Commercial greenhouse soils are commonly sterilized by high-pressure steam released to penetrate downwards into the soil, which is covered by heat resistant plastic sheeting (sheet steaming). The steam condenses on contact with soil particles, and moves deeper only when that layer of soil has reached steam temperature. Some active soil pests, such as symphilids, may move downwards ahead of the steam 'front'.
The temperatures required to kill most nematodes, insects, weed seeds and fungi are 45°C, 55°C, 55°C and 60°C respectively. Beneficial bacterial spores are not killed below 82°C, and therefore growers attempt to reach, but not exceed, this soil temperature. Most mycorrhizal fungi are unfortunately killed by this process.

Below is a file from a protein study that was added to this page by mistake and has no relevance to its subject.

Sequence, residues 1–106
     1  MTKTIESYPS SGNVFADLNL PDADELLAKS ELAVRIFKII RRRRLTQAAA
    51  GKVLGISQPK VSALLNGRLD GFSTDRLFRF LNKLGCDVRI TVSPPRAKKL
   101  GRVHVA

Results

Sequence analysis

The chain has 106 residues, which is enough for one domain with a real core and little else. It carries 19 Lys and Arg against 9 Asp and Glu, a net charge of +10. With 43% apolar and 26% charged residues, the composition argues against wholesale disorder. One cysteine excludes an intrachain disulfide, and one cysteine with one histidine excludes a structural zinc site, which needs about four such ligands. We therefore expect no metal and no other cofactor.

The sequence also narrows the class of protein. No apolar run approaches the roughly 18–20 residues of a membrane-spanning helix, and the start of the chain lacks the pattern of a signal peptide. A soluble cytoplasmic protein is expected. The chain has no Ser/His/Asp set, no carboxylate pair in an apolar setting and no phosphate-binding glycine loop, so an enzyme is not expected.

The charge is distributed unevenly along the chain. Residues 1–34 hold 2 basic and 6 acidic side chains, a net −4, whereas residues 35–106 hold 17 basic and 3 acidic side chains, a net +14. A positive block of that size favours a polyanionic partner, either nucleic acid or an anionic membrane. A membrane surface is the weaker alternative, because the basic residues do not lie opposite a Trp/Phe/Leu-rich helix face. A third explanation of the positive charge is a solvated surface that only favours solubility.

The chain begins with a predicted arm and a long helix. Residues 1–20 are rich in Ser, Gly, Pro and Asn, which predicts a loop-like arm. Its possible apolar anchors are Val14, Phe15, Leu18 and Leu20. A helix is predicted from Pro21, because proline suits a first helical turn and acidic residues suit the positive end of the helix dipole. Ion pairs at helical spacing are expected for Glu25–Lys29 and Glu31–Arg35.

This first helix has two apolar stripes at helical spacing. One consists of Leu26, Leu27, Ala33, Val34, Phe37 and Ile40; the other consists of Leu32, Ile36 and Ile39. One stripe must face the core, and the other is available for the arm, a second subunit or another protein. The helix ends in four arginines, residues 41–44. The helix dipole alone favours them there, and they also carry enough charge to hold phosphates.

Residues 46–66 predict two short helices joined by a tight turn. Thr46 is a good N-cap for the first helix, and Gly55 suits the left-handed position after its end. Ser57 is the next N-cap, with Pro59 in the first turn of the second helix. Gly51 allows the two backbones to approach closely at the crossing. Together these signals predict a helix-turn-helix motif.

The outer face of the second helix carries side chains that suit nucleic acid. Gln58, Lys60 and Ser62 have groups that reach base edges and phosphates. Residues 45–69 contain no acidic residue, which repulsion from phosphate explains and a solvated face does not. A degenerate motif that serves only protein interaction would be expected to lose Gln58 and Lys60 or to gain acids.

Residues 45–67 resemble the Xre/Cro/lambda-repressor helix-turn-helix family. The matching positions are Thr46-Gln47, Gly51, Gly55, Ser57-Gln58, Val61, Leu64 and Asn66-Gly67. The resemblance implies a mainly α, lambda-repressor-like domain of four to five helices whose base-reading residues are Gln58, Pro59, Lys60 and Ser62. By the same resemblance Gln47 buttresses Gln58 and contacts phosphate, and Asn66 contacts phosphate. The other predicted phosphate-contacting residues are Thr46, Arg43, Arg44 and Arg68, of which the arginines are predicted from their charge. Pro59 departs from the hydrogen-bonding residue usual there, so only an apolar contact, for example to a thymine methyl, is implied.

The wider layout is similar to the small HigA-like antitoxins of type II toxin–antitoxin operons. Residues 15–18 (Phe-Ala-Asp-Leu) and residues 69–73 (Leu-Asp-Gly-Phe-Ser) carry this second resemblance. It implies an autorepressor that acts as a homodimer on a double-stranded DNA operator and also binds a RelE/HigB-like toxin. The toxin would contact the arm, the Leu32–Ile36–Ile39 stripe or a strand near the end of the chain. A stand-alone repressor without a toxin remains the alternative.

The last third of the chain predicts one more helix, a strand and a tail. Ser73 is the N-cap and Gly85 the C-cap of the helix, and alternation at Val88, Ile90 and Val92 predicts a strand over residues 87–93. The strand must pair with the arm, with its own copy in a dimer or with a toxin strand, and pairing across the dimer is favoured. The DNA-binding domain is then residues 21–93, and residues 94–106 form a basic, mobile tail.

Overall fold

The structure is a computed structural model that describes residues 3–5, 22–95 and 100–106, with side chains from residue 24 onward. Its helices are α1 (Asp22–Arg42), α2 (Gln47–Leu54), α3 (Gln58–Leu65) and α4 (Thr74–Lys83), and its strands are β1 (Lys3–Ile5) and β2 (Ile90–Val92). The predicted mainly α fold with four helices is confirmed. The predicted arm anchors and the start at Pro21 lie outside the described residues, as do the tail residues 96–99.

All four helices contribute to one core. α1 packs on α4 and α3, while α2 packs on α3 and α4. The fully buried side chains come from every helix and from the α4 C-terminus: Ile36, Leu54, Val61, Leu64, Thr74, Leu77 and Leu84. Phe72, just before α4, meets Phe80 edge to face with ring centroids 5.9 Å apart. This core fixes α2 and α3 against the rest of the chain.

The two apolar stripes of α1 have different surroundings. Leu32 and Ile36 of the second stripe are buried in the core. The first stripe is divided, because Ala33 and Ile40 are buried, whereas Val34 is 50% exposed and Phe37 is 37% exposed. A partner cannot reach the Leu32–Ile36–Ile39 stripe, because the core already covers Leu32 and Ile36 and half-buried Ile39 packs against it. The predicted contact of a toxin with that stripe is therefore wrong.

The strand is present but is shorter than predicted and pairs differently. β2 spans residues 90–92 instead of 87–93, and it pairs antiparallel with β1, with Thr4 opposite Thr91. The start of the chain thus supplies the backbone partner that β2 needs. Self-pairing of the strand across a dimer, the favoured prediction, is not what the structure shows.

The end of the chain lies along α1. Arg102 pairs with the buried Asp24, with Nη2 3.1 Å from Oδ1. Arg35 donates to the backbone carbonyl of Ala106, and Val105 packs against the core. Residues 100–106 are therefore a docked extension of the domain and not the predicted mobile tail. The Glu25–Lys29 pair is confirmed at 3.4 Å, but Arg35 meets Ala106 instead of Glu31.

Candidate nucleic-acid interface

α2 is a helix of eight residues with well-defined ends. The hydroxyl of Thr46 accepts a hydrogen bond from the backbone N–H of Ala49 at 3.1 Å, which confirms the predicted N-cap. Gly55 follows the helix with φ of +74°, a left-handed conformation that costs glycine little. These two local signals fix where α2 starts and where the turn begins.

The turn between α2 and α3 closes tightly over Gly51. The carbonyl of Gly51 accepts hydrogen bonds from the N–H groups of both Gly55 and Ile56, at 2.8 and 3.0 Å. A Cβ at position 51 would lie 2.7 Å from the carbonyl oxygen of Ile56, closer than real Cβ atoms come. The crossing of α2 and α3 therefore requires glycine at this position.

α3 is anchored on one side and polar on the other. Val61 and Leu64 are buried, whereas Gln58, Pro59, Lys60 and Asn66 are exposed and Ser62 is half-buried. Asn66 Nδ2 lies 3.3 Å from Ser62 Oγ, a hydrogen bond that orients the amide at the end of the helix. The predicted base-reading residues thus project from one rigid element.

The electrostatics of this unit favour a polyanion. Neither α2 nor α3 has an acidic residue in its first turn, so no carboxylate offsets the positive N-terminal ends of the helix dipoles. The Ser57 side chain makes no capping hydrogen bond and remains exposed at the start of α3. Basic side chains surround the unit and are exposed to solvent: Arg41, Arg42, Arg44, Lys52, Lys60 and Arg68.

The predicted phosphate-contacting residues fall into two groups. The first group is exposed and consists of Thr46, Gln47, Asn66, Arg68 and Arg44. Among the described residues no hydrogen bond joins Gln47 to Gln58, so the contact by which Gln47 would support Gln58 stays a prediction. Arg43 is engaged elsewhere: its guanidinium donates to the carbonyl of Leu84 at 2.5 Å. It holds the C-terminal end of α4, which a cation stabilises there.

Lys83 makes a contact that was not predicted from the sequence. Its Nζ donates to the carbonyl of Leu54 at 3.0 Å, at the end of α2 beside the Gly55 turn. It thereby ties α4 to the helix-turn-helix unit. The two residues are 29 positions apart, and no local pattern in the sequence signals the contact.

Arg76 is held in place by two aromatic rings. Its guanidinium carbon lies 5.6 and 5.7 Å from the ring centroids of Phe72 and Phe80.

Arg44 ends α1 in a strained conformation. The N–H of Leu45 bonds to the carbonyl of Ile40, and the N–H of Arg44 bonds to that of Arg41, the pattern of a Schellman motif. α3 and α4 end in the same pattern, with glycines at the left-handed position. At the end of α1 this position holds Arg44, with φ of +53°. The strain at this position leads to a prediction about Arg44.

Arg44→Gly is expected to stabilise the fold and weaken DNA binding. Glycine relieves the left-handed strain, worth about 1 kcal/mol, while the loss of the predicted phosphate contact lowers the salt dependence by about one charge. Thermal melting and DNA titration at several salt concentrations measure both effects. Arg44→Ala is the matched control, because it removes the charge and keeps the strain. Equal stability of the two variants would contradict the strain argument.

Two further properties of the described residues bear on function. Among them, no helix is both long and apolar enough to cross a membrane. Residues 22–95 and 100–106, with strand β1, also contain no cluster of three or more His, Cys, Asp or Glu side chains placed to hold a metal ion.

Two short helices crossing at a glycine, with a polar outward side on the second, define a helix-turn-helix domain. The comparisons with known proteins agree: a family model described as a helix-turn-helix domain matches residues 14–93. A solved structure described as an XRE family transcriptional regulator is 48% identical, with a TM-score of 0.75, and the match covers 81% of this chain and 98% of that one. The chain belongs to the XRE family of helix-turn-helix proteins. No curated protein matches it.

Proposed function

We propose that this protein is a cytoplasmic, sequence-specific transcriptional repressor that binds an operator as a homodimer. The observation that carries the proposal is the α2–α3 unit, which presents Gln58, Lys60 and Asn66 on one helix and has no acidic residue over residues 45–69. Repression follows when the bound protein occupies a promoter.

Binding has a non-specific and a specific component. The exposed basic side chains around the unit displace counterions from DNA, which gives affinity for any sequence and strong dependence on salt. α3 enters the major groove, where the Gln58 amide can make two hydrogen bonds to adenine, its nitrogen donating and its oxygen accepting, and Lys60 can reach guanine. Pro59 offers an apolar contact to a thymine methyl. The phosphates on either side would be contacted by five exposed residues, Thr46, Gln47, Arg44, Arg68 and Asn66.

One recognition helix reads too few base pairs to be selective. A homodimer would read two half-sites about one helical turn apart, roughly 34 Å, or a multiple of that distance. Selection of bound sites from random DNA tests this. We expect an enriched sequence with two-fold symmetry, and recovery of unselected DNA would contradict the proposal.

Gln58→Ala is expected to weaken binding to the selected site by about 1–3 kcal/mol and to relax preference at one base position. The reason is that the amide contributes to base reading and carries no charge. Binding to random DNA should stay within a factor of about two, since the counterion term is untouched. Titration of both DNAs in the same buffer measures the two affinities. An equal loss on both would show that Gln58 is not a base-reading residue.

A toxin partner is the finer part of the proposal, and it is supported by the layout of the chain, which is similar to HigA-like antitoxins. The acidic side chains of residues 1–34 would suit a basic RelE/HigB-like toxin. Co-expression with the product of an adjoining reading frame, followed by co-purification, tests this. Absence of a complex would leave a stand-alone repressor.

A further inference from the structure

In this way, organisms difficult to sterilize, such as fungal sclerotia, Meloidogyne and Verticillium in root debris, may be killed. Sheet steaming is effective only to depths of about 15 cm, and its effect is reduced when soil aggregates (see p311) are large and hard to penetrate, or when soils are wet and hard to heat up. When soil pests and diseases occur deep in the soil, heating pipes may be placed below the soil surface, as grids or spikes, to achieve a more thorough effect. The 'steam-plough' achieves a similar result, as it is winched along the greenhouse. If soil is to be used in growing composts it should be sterilized (see sterilizing equipment). The clear advantage of soil sterilization may occasionally be lost if a serious soil fungus (such as Pythium) is accidentally introduced into a crop where it may quickly spread in the absence of fungal competition.
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